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Never Say “Never Event”: New Healthcare Risks and How They Are Managed

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  1. Never Say “Never Event”:New Healthcare Risks andHow They Are Managed

  2. MODERATOR: Sanford Elsass, President & CEO, Uni-Ter Group PANELISTS: Chad C. Karls, FCAS, MAAA, Principal, Consulting Actuary, Milliman Katherine M. Keefe, Esq., Partner, Marshall, Dennehey, Warner, Coleman& Goggin Nancy Rehkamp, Principal, LarsonAllen LLP Never Say “Never Event”

  3. Overview • Definition of “Never Events” • Emergence of “Value-Based Purchasing" (VBP) and "Never Events" • Legal Basis of "Never Events“ • Changing Demographics • Potential Impact on Insurance Industry • Key Learning Points • Q&A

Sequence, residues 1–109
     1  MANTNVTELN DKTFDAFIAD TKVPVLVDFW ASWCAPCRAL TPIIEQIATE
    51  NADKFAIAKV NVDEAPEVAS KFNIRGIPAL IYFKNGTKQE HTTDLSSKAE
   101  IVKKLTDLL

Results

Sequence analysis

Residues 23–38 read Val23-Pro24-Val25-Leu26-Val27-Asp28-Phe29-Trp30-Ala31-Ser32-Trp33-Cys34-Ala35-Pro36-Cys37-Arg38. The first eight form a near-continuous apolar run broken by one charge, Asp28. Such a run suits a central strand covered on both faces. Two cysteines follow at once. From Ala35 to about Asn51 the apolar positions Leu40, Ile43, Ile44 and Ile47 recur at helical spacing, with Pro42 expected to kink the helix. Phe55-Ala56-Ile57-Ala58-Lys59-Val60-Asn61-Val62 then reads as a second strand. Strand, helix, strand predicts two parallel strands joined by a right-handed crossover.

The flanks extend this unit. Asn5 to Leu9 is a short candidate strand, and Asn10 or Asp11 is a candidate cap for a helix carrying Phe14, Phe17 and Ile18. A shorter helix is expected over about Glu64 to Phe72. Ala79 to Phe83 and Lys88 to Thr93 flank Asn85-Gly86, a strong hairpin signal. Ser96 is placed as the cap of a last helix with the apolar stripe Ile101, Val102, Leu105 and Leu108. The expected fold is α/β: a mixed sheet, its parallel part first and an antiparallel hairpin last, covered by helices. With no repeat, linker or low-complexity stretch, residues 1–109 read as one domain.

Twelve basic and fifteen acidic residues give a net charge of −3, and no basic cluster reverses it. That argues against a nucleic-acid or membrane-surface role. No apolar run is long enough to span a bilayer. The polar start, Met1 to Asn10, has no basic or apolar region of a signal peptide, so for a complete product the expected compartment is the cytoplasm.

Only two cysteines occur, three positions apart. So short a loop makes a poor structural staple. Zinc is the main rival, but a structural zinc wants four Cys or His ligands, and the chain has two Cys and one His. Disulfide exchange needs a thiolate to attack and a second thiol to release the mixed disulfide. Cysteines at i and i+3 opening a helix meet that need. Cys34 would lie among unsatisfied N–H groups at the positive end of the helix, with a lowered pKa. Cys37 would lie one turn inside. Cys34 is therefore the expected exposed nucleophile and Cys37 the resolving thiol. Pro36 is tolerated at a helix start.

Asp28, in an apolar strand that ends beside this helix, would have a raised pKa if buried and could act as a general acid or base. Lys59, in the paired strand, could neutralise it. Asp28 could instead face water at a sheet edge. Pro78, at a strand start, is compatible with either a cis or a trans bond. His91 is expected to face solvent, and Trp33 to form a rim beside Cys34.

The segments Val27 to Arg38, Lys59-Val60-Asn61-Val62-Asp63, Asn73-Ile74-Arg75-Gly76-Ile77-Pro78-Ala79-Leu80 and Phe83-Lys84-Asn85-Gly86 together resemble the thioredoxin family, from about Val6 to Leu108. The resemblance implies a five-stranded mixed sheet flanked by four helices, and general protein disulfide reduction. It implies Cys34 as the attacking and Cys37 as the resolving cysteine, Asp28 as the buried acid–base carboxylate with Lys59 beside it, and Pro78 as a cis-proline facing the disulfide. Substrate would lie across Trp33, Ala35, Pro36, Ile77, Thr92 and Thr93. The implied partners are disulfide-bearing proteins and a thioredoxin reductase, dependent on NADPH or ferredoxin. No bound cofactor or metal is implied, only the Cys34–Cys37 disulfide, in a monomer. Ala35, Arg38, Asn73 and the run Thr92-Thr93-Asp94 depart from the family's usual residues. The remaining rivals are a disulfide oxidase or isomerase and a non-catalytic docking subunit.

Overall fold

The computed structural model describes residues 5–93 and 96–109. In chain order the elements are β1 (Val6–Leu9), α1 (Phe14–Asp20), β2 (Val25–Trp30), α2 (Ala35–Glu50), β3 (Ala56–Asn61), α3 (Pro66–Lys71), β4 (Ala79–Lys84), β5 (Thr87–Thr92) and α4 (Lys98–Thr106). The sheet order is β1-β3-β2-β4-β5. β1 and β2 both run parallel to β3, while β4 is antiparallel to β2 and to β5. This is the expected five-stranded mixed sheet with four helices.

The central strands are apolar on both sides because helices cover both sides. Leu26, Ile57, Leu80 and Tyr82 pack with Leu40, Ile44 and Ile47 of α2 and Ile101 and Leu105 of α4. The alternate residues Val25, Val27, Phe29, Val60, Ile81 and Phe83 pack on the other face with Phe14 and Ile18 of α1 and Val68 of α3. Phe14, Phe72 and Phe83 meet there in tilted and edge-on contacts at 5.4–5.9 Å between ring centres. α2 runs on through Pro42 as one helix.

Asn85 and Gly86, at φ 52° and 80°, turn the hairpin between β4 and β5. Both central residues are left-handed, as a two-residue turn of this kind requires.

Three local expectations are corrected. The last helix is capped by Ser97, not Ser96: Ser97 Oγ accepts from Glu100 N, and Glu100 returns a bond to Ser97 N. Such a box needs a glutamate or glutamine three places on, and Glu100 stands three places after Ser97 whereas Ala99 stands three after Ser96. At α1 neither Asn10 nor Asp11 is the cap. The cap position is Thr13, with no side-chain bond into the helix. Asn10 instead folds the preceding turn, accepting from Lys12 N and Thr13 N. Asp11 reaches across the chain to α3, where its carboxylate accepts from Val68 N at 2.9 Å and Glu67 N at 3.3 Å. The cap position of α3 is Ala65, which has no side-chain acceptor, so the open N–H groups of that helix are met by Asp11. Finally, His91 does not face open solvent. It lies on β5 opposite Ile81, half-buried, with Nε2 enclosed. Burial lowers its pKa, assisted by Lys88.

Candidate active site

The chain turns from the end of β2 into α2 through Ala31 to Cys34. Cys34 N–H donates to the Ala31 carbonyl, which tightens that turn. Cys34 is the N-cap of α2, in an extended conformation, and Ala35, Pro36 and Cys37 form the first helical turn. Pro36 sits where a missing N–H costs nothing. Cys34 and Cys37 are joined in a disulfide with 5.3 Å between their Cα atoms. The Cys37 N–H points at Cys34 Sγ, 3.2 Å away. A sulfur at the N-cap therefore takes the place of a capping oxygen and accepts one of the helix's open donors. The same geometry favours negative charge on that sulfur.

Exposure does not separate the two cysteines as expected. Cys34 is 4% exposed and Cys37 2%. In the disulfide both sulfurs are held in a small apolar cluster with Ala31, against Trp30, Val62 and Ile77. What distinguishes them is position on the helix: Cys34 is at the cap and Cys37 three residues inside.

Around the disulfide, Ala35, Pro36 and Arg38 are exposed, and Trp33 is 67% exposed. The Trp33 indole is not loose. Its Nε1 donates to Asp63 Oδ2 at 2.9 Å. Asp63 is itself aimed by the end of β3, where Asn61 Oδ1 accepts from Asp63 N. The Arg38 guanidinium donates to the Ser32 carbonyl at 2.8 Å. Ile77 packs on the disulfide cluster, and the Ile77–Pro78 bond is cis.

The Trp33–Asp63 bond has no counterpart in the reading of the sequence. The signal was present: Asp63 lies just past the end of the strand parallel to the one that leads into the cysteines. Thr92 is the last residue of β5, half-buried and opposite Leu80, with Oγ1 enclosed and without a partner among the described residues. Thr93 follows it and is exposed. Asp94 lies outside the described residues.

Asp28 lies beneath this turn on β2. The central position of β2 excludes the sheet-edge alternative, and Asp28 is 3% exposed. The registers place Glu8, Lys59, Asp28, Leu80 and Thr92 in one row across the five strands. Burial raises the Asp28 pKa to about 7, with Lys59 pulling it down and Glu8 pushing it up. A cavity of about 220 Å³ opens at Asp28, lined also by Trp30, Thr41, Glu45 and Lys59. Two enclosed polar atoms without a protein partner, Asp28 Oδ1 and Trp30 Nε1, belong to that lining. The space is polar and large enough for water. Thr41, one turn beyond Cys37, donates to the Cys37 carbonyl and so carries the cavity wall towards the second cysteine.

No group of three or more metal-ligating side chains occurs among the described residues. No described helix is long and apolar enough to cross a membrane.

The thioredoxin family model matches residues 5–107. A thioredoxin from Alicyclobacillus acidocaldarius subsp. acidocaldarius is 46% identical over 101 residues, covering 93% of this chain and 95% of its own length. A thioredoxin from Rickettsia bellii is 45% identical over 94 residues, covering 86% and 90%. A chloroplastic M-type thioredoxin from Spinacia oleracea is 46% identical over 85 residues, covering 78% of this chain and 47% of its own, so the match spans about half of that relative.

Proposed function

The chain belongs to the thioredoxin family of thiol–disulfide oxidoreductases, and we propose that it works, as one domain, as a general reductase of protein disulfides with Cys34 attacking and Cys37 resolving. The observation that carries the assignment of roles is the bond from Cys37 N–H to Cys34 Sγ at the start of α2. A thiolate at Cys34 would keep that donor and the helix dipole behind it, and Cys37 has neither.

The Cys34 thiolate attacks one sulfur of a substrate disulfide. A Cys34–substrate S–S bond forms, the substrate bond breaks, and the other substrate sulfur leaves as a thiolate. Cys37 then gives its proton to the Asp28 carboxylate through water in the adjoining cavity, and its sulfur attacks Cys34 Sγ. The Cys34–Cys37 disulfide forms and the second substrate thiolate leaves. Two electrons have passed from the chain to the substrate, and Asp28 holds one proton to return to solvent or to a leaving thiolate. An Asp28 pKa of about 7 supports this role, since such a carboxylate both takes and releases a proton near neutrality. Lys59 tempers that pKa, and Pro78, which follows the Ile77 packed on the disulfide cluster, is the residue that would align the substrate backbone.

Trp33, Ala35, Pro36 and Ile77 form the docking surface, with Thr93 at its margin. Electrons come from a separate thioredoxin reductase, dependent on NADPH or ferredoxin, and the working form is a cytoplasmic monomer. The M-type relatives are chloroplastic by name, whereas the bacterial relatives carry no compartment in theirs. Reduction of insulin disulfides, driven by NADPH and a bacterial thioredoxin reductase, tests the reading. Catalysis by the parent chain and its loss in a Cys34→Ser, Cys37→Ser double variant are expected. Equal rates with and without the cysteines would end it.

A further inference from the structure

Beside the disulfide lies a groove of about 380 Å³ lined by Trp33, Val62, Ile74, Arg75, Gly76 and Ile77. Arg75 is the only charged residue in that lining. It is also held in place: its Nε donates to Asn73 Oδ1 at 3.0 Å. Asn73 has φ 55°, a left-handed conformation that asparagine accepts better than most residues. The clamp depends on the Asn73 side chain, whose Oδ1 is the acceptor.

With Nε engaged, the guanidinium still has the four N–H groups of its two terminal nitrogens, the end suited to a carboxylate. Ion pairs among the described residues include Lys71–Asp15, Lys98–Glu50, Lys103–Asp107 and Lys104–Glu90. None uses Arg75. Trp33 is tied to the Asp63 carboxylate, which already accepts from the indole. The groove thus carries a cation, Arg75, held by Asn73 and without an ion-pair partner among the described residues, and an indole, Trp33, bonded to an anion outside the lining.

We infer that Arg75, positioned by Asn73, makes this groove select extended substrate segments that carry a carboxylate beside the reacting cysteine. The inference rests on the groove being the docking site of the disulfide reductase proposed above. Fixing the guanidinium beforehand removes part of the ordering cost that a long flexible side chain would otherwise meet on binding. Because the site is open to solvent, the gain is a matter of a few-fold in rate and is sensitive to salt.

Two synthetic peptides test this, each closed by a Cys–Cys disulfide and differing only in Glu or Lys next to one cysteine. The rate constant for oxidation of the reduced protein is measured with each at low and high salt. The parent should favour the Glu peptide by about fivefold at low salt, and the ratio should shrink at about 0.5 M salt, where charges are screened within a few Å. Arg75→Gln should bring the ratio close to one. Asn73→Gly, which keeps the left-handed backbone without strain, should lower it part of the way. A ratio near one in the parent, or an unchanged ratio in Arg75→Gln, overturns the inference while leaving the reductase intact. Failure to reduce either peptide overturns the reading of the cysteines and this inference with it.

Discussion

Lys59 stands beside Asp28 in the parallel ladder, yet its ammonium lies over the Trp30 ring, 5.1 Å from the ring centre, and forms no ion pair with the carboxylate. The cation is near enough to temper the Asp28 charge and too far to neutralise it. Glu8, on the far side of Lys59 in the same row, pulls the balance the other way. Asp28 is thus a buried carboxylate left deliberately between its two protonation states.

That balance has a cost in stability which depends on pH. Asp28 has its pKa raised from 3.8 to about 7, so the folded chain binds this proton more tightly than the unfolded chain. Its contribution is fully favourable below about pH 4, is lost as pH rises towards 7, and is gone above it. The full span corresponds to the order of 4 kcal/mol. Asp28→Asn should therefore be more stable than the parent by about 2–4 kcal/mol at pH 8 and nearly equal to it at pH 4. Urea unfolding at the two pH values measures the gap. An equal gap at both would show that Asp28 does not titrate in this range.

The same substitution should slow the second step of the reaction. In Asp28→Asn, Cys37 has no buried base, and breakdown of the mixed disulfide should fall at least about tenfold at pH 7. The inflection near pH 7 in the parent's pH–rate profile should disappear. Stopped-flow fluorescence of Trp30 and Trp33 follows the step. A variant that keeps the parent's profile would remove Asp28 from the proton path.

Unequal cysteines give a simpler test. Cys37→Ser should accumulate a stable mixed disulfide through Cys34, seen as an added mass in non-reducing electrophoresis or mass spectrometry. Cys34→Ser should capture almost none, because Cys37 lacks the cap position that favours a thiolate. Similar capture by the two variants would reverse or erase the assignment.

4. Definition of “Never Events” • A misnomer • Adverse health events & medical errors that are “never” supposed to happen to patients receiving care in hospitals & other healthcare facilities. • Examples: • Surgery on the wrong body part • Stage 3 or 4 pressure ulcers acquired after admission • Injury resulting from misuse or malfunction of a device used in patient care

  5. Emergence of “Value Based Purchasing” • Current Medicare payment system: consumption and quantity of care • Center of Medicare and Medicaid Services (CMS) • transforming Medicare from passive to active purchaser • Goal: increase quality, avoid unnecessary costs • VBP drivers: Congress, MedPAC and IOM reports, private sector • Medicare Trust Fund solvency